The full name and address of the Manchester Brookes Bar college was:-

The College of International Marine Radiotelegraphic Communications
Overseas House
Brookes Bar
Manchester 16

8 thoughts on “John Dalton Street, Manchester

  1. Yes I think there is sometimes confusion about the two colleges. It might arise from the fact that Msrs Wood and Tomlinson both studied at John Dalton before starting Brookes Bar.
    Regards = John

  2. It takes a little time to remember at 81 years although my Morse is still passable!

    On the top floor in 1951 we had a games room of which the centre was our table tennis table.
    We played a game where you hit the ball put down the bat and moved to the other side of the net.

    One hot day the window was open and we always gave a cracked ball a fond farewell.

    It was set alight and drooped out of the window.

    5 mins later PC plod and Frank came into the common room . The PC’s helmet was slightly burnt and marked by the passing of the TT ball.

    It also marked the closing of the common room for a while.

    Just a little sea tale.

    Early days like many I was with Marconi and didn’t stay long – the way the staff clerk at Eastham Dept used your Marconi pay book number and sent this in Morse. If you didn’t react. it was repeated at about 5 W P M . I recall a very senior R/O from P & O telling me a better go and report. In the end some young lady came for me.

    I was on a tramp ship ss Clonlee of the Shamrock Shipping Company from Larne.

    We were trying to get to a fishing boat in distress in the bay but she was drifting way from us. 4 knots at best with a stern wind.

    I was the only officer with running hot water in my cabin, due to the regs in place when they fitted radio to her.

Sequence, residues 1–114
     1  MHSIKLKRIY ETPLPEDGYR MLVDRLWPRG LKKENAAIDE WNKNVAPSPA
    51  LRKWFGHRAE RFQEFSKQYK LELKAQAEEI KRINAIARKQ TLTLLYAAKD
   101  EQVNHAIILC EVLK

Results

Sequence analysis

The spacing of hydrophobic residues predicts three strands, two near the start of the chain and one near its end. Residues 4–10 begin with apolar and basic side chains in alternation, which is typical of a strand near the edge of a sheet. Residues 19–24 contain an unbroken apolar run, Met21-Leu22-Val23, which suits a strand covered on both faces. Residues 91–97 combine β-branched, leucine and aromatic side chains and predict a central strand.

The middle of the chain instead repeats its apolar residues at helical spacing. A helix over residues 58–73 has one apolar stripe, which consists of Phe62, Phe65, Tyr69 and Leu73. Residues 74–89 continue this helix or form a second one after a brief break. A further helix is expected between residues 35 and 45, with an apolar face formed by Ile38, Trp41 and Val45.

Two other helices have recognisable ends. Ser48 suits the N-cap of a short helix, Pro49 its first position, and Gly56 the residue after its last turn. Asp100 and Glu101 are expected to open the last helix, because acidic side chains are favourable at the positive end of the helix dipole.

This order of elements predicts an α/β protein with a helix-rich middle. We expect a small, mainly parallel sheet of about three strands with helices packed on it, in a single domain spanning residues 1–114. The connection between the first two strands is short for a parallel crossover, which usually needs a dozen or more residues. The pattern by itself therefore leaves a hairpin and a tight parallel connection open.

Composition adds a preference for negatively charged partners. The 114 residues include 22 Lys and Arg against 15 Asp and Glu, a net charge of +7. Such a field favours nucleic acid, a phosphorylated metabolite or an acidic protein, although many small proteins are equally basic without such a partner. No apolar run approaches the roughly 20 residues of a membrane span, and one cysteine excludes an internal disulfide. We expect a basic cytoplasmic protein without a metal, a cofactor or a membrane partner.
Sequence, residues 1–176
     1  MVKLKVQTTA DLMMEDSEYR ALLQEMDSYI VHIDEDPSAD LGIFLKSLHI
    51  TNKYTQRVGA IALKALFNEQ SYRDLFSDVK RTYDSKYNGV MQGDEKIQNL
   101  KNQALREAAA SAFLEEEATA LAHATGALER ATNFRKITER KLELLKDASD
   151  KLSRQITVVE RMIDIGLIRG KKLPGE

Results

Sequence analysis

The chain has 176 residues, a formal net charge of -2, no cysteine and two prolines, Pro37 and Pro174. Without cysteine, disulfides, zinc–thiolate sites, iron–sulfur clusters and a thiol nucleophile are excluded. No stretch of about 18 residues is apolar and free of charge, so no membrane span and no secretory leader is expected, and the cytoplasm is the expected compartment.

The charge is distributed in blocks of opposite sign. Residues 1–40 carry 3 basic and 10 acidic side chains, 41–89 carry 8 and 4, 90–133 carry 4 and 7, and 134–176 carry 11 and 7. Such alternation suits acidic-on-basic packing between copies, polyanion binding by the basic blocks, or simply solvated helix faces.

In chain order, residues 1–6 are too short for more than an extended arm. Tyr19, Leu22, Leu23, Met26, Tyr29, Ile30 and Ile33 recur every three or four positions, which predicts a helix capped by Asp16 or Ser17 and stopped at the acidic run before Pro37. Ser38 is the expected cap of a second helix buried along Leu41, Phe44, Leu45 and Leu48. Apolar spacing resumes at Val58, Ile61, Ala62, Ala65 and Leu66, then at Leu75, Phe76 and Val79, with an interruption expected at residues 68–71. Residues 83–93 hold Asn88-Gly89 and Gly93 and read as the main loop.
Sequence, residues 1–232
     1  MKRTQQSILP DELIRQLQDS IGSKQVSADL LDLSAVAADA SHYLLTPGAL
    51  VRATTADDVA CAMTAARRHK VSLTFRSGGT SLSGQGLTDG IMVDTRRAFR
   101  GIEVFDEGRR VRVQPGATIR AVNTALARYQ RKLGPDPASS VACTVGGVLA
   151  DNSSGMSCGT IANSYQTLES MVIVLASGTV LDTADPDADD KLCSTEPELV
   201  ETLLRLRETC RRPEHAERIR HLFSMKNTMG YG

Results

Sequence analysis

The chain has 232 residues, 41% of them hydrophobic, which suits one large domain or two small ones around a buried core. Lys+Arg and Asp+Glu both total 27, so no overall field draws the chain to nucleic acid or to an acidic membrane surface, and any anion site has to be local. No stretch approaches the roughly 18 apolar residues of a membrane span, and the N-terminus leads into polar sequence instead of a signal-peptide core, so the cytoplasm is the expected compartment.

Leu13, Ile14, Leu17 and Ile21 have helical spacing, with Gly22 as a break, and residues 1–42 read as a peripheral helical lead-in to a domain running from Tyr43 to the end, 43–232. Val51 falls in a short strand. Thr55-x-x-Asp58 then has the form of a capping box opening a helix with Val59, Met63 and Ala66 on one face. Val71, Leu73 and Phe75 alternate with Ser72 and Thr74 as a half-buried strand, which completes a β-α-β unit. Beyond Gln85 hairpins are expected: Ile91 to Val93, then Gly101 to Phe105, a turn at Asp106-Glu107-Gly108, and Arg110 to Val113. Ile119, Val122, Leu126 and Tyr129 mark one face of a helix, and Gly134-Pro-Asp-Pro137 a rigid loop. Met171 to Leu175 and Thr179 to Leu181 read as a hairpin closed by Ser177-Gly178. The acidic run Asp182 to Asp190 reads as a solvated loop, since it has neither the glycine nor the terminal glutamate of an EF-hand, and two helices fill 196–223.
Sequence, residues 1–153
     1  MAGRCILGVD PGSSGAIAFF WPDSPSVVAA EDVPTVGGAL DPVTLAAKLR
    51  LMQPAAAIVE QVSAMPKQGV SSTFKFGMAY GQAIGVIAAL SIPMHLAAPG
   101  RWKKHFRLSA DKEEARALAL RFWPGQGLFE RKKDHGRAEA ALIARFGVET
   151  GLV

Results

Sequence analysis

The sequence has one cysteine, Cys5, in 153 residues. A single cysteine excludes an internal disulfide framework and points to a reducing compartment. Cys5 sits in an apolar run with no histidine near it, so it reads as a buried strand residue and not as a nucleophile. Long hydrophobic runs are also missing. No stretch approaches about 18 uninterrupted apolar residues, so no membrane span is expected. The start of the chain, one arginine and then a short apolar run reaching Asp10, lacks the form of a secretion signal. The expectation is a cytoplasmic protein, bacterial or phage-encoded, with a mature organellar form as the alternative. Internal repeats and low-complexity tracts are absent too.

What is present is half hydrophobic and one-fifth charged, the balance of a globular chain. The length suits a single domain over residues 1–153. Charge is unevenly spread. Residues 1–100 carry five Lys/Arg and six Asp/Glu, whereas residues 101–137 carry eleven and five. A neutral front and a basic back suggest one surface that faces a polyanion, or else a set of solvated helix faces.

One major benefit was if I called GLD with traffic one of the Queens would QSP my spark main tx took over the whole band.

      • Sorry John, Autumn of the years take over. I was at John Dalton St 1950/51.

        I was too young to get my 2nd class ticket and had to stay until after my 16th birthday., In the class was Fred Duffy and a guy that ended up with the BBC and did not go to sea.
        I went to AST Southampton where they taught all the real operating systems and also made gentlemen officers out of pigs ears!!!!!!!

        Hope that helps. PS I now live near Preston, Lancashire.

        • I worked on the Linear Accelerator project in the University of Manchester in the late 60’s with an ex R/O of the same name, he was also ex John Dalton. There were at least three or four of us plus one RN and one or two RAF, just thought it might have been you. One of the people there had a Phd in Nuclear Physics and when he was called up the army said he could count maybe, so they put him in the QM stores for eighteen months counting hats! I was at Brooks Bar early 60’s I think John Dalton was no longer open. I now live in South West France.
          Regards = John

  3. Frank Mayoh moved from Manchester to Norwood College (Knights Hill, London) and then, when the college moved to Greenhithe (Kent) and combined with HMS Worcester he became Vice Principal of the newly combined college which was known as Merchant Navy College. Frank Mayoh was still VP when I joined as a lecturer in January 1984 (my first teaching appointment). I vividly recall his greeting (he had never met me before) “Are you the **** from Hastings? If I were you I’d f*** off back there”.
    I didn’t! I got the job and so started a 33 year career in education which is still going. Frank retired in the summer of 1984 and moved to Bexhill where he was involved with the RAF association until his death (not sure of the year).

  4. I also attended the Wireless Telegraph college, John Dalton Street, Manchester, in 1954, for my 2nd class ticket. The Principal at that time was Frank Mayoh and he may have been the owner. He covered all subjects, and sent excellent Morse. There was also a radar training section which seemed to me to conduct all its activities in a darkened room. We radio students were never invited to visit the radar section which I think was a lost marketing opportunity for the college.

    The memorable part of the training room view was that the windows looked directly into offices across the road which were inhabited by dozens of attractive typists. It was rumoured that some of them had learned Morse so that messages could be flashed across but I never saw this happen.

    There was also a story that a blazing ping pong ball had previously been thrown out of a window and this had set alight some cotton on the back of a lorry below.

    I agree that the canteen was very much appreciated and it smelled reassuringly of strong disinfectant.

    The W.T.C had nothing to do with the Brooks Bar College where I attended later for my 1st class ticket.